Low-Tax States Cut Poverty Rates: Study

Published February 1, 2007

Fiscally prudent states appear to be winning the war on poverty, according to a recent study by the Goldwater Institute, which found low-tax and low-spending states are more successful at reducing poverty than their high-tax, high-spending counterparts.

The 10 states with the lowest tax burdens saw a 13.7 percent decline in poverty during the 1990s (more than double the national average), according to the study. Meanwhile, the 10 states with the highest tax burdens suffered an average poverty rate increase of 3 percent. The poverty rate dropped nationwide during the decade, the report notes.

The same correlation was found with spending. The 10 states with the lowest per-capita spending benefited from a sizable decrease in overall poverty. The 10 biggest spenders saw poverty increase 7.3 percent.

“How to Win the War on Poverty: An Analysis of State Poverty Trends,” by Matthew Ladner, Ph.D., examined general and childhood poverty rates nationwide from 1990 to 2000. The report was released in November.

Private-Sector Jobs Vital

“Private-sector growth possesses much greater power in the fight against poverty than government programs,” said Ladner, vice president of research at the Goldwater Institute, in an interview for this article. “When the private sector grows, aided by low taxes, more jobs are created. When more people have jobs, per-capita and median family incomes rise. Jobs, not government spending, lift people out of poverty.”

Ladner conducted his research using data from the U.S. Census Bureau. Letter grades were assigned to each state based on the amount of progress each made in reducing poverty.

Top scorers Minnesota and Mississippi each earned an A+ for reducing poverty by 22.5 percent and 21 percent, respectively.

Rhode Island and Hawaii earned the lowest grade, an F-, for significant poverty increases of 24 percent and 28.9 percent, respectively.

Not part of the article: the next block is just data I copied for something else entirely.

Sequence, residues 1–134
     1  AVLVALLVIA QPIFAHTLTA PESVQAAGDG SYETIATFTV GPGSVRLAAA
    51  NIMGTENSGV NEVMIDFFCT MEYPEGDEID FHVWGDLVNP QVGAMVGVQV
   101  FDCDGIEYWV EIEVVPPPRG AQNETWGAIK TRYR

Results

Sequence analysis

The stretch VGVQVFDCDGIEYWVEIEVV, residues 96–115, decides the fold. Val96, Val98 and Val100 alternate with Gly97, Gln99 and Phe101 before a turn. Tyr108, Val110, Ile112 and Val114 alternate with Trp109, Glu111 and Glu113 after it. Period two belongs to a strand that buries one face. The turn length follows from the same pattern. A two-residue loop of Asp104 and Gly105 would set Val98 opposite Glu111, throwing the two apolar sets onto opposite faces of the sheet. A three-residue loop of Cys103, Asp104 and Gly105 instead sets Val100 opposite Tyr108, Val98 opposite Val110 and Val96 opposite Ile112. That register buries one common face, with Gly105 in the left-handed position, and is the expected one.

Arizona/California Contrasts

The study also examines an interesting relationship between two states that embraced opposite fiscal strategies during the 1990s.

In 1990, Arizona had the nation’s fifth-heaviest tax burden and a poverty rate well above the national average. California’s tax burden was much lower, ranking 24th in the nation. In 1990, Arizona’s poverty rate was 25 percent higher than California’s.

During the 1990s Arizona cut taxes, bringing its tax burden down to 25th highest in 2000. California kicked spending and taxation into high gear, raising the state’s ranking from 24th to ninth highest by 2005.

Consequently, Arizona enjoyed a significant poverty rate decrease. California’s poverty rate actually increased, from 12.5 to 14.2 percent.

The study notes California’s high taxation has been so damaging to the economy that it is on track to have a higher percentage of its population living in poverty by 2010 than Mississippi.

Big Government, Slow Growth

“There is a clear relationship between the size of government and economic performance,” said Daniel Mitchell, the McKenna Senior Fellow in Political Economy at The Heritage Foundation. “As taxes and spending rise, growth begins to suffer. The poor are the biggest victims of economic stagnation.”

Ultimately, “states that fail to limit the size of government will be harming the less fortunate,” said Mitchell. “People in other states will reap the benefits as jobs and capital flee for jurisdictions that encourage private-sector growth.”

Ladner’s study suggests the most effective way to reduce poverty is through private-sector job growth. The best anti-poverty strategy policymakers can employ, according to Ladner, is to cut taxes and lower government spending. That will create an economic climate favorable to business creation and job growth.

Jessa Haugebak ([email protected]) is a research assistant at the Phoenix-based Goldwater Institute.

For more information …

“How to Win the War on Poverty: An Analysis of State Poverty Trends,” by Matthew Ladner, is available through PolicyBot™, The Heartland Institute’s free online research database. Point your Web browser to http://www.policybot.org and search for document #20462.